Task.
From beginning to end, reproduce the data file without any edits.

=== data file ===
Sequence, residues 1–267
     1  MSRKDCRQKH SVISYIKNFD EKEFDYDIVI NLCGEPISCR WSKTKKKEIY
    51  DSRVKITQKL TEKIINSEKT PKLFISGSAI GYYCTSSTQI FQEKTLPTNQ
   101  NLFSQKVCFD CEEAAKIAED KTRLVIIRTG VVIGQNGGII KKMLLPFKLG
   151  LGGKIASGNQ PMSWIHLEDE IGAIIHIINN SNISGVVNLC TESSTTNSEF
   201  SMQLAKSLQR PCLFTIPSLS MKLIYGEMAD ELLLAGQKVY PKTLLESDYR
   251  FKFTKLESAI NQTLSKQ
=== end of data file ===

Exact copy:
Sequence, residues 1–267
     1  MSRKDCRQKH SVISYIKNFD EKEFDYDIVI NLCGEPISCR WSKTKKKEIY
    51  DSRVKITQKL TEKIINSEKT PKLFISGSAI GYYCTSSTQI FQEKTLPTNQ
   101  NLFSQKVCFD CEEAAKIAED KTRLVIIRTG VVIGQNGGII KKMLLPFKLG
   151  LGGKIASGNQ PMSWIHLEDE IGAIIHIINN SNISGVVNLC TESSTTNSEF
   201  SMQLAKSLQR PCLFTIPSLS MKLIYGEMAD ELLLAGQKVY PKTLLESDYR
   251  FKFTKLESAI NQTLSKQ